In the last year, a private group funded by Orlando trial lawyer and Democrat John Morgan has collected nearly 1 million signatures to put a similar amendment on the November ballot. The group, United For Care, must submit the signatures to supervisors of elections across the state for validation on Monday and they must have the required 683,149 signatures verified by Feb. 1.
“We are only here because they wouldn’t allow a hearing,’’ Morgan said last week. “We’re feeling very confident.’’
He supports the proposal to legalize Charlotte’s Web, but believes it falls short of what the public wants.
“They’re basically saying let’s take care of everyone with seizures and epileptic episodes but let’s not take care of the people with cancer, AIDs, ALS and multiple sclerosis — so I think the public will see it for what it is,’’ he said.
Several polls show that Floridians — including a majority of Republicans — support the proposed amendment, which must win 60 percent of the vote to be adopted into the Constitution.
“I get a sneaking suspicion that a lot of my colleagues would vote for it if they were allowed to,” said Sen. Jeff Clemens, D-Lake Worth, who has sponsored the medical marijuana legislation for the last three years. “The polling hasn’t changed their opinion so much as it has allowed them to voice their opinion.’’
Clemens said he will file a bill again this year to allow for legislative approval of marijuana for medical uses, with a regulatory scheme patterned after the most successful efforts in the 20 states that now allow marijuana for medical use. Only Colorado and Washington state have approved pot for recreational use.
The signature verification effort is not the only hurdle facing Morgan and United For Care. The Florida Supreme Court also must decide whether the ballot language is adequate or is misleading, as Attorney General Pam Bondi and Gov. Rick Scott allege.
Gaetz says the presence of the constitutional amendment had nothing to do with his change of heart about medical marijuana.
“I’m not motivated one way or the other by the proposed constitutional amendment because I don’t think that will be on the ballot,’’ he said.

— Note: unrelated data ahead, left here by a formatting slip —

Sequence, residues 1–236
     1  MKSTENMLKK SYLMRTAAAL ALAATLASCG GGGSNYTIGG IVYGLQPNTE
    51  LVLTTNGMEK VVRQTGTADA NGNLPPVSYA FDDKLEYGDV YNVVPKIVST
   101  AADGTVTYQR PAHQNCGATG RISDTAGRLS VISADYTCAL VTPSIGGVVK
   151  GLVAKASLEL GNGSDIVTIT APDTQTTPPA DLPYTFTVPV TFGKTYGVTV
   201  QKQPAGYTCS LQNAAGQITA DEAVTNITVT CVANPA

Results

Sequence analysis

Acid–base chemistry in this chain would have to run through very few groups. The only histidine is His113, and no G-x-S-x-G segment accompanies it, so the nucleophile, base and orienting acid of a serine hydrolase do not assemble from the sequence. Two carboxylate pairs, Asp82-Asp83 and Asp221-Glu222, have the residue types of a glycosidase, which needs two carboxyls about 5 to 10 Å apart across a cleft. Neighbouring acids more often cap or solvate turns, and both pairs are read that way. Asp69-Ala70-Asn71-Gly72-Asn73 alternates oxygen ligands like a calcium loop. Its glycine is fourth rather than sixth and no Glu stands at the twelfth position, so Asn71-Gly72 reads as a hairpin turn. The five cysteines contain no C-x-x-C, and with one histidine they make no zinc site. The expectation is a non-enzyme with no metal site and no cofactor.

Meanwhile, some parents aren’t waiting for the politics to play out.
Plantation residents Katherine and Michael Hsiao are in the process of moving to Colorado where they hope to get treatment for their seven-year-old son Kael, who suffers from Dravet syndrome.
“Our businesses are here. Our home is here and our family is here but our goal is to come back — when the law is changed,’’ said Katherine Hsaio. “We can’t wait. What if Kael dies?”
She said the anecdotal evidence shows that children with severe epilepsy have seen 50-100 percent seizure reduction as tracked over three months when they are treated the the Charlotte’s Web strain.
“We don’t know if that’s just a fluke, but we’ve got to try it,’’ she said.
The Hsaio’s are in a unique situation. Micheal’s mother, Dr. Jane Hsaio, is co-founder and vice-chairman of a pharmaceutical company and has been involved in the formulation and legalization of numerous drugs. She wants to do clinical trials on the marijuana extract in her lab in Miami but she cannot proceed without state or federal approval.
“She has all these resources and we still can’t get it,’’ Katherine Hsaio said.
At Miami Children’s Hospital, which has one of the leading epilepsy programs in the nation, doctors are working with a British drug company to get FDA approval to conduct clinical trials to produce a marijuana extract called Sativex. The extract is already legal in 22 countries for treatment of multiple sclerosis but the federal regulators have not approved it for treatment in the U.S.
For families like the Hymans, of Weston, the clock is ticking.
“All I care about is if there’s something out there that’s working in other states — whatever it is — that’s what we need here,’’ said Hyman, Rebecca’s dad. “Parents like us don’t have time to experiment.”